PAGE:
AMERICAN VIRGIN ISLANDS CREOLE
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"Educational CyberPlayGround" Internet.
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Date accessed Month day, year.
Virgin Islands English and Dutch Creole
Dr. Robin Sabino
Dr. Robin Sabino lived in the Virgin Islands. When Dr. Sabino was in St.
Thomas getting her Ph.D. in Linguistics from the University of Pennsylvania she did her
thesis on this creole language, and was working with the last known living speaker, who died in 1980.
Creoles with a Dutch lexicon emerged in (formally British)Guyana - once a group of Dutch colonies - on
the Berbice and Essequibo rivers (Berbice Dutch Creole and Skepi Dutch, respectively) and in the
Islands. Negerhollands (Dutch mainly in Zealandic and Flemish varieties) was treated as a separate
language in its own right as early as 1780. The first booklet printed in Negerhollands indicates that
the independent status of Negerhollands was already clearly acknowledged by the Moravians by 1765.
Die Creol Tall 250 years of Negerhollands Texts by Robin Sabino
Dr. Robin Sabino Negerhollands Research
Negerhollands (lit. 'Negro-Hollandic') is the original creole language,
lexically closely related to Dutch, of the Virgin Islands (St. Thomas, St. John, and St. Croix).
previously these islands were under Danish rule and were referred to as the Danish Antilles, since
they are a United States colony officially called the US Virgin Islands. Negerhollands emerged as a
separate language around 1700 and died out completely only a few years ago, having been gradually
replaced by English in the course of the 19th century.
The central fact is that Negerhollands only really flourished between 1730 and 1830.In 1833 the last
text was printed in Negerhollands by the Moravian Brethren, and in 1834 the last printed texts in
Negerhollands appeared in the Danish tradition.
Yet the death of a language can take a very long time. Negerhollands. On the Danish-Dutch
Expedition to the Antilles of 1922/23. The Dutch anthtopologist / linguist / archeologist
de Josselin de Jong was able to collect fairy tales and fables in Negerhollands, which were
published in 1926. Many of those stories feature the famous African-Caribbean practical joker and hero
spider Anassi. The narrators and informants were all born between 1841 and 1863, and thus at least 60
years old at that time, which was a reason for de Josselin de Jong to speak of 'presently rapidly
A Brother Anansi and Brother Tecoma Stories spoken in Standard English and Negerhollands
English - translated and spoken by Dr. Robin Sabino.
The Virgin Islands Dutch Creole folktale called Anansi, Tekoma, and the Cow's Belly was collected by a
Dutch anthropologist, J. P. B. de Josselin de Jong, who visited the U.S. Virgin Islands in 1923. De
Josselin de Jong does not say who told him this story. However, we do know that all of the people who
told him stories lived on St. Thomas and St. John and that they spoke both Dutch Creole and American
Virgin Islands English.
Learn More American Virgin Islands
Kwa is considered to be a language family. Kwa is not a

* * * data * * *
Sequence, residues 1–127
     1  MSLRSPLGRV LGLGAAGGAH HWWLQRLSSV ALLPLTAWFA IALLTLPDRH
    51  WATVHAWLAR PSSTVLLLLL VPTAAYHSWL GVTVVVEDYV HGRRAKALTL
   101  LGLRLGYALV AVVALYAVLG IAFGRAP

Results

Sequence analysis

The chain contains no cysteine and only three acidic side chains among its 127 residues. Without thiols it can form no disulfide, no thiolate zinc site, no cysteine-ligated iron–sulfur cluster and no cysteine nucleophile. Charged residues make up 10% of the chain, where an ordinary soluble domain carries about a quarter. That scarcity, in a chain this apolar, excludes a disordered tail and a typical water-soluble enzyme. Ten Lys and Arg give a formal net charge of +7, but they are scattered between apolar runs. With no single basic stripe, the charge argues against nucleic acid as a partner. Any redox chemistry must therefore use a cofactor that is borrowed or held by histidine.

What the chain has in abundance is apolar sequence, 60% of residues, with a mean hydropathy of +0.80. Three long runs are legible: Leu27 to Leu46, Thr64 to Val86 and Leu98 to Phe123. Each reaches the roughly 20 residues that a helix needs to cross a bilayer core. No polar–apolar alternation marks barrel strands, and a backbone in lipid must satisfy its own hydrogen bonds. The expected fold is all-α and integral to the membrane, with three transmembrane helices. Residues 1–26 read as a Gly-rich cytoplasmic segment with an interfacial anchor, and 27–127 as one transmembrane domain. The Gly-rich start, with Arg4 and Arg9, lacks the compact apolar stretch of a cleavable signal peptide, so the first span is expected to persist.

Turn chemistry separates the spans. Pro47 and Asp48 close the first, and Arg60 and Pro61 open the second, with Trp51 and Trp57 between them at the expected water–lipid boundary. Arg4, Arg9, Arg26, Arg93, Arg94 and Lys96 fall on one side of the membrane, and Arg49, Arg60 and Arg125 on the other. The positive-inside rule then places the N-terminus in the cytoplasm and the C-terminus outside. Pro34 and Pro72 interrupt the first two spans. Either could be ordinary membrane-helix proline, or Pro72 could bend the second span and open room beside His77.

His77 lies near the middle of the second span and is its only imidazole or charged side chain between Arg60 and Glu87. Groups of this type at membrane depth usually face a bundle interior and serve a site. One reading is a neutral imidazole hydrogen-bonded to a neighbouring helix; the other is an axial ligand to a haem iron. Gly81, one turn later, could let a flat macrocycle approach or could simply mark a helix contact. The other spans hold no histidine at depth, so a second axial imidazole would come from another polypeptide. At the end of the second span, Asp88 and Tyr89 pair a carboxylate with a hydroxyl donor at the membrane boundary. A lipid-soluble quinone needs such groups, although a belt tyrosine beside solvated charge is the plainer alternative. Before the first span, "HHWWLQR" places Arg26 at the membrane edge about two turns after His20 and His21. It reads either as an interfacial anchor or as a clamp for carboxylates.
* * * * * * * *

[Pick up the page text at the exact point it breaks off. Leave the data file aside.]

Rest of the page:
language but a large cluster of more than one hundred languages spoken in south of Cote d'Ivoire,
Ghana, Togo, Benin and Nigeria. Twi (Akan Ashanti...) is a Kwa language.All Kwa languages are tonal languages. Ijo, spoken in the delta
Niger, is also a tonal language.
_An African Slave's Life from the Pens of German Moravians_
Maureen Warner-Lewis. Archibald Monteath: Igbo, Jamaican, Moravian.
Kingston University of West Indies Press, 2007. 367 pp. $40.00 (paper), ISBN 978-976-640-197-9.
Reviewed by Paul Peucker (Moravian Archives, Bethlehem, Pennsylvania)
Published on H-German (May, 2009)
Commissioned by Susan R. Boettcher
This book is a detailed study of the life of a former African slave, based upon the verbal biography
gave to German-American missionaries. As the title indicates, this intriguing life narrative is
of many layers. The main character was born in Africa but, at a young age, was transported to Jamaica,
where he remained until his death. As a member of the Moravian mission he had a third identity: he was
part of a global brother- and sisterhood of fellow Moravians of different ethnic backgrounds. Because
the interest his fellow Moravians took in his life, his biography was recorded, translated, and
published in various Moravian periodicals, and finally preserved in their archives.
Aniaso was born around 1792 as a member of the Igbo tribe in West Africa. His family belonged to the
elite; Aniaso believed his maternal grandfather was a "prince." Aniaso estimated that he was
around ten years old when a young man, a regular visitor to his village, talked him into following him
to a large marketplace. There, the unsuspecting Aniaso was sold to a slave trader and put on a ship to
Jamaica. As a personal servant to the ship's captain, Aniaso did not have to dwell in the
overcrowded slave quarters below deck, but was allowed to stay in the captain's cabin together
a few other boys. It seems the captain initially intended to keep Aniaso as his own servant and not
him. Aniaso relates how, at his own insistence, the captain consented and let him go ashore. There he
was "immediately" sold to John Monteath, the owner of a plantation called Kep in southwest
Jamaica. His new owner gave him the name Toby.
At first Toby served in the household of John and Nancy Monteath, but after a few years he was moved
from lighter domestic duties to full outdoor labor. In 1815 his master died; Toby then became the
property of his owner's widow and served as an overseer. During those years, Toby was baptized by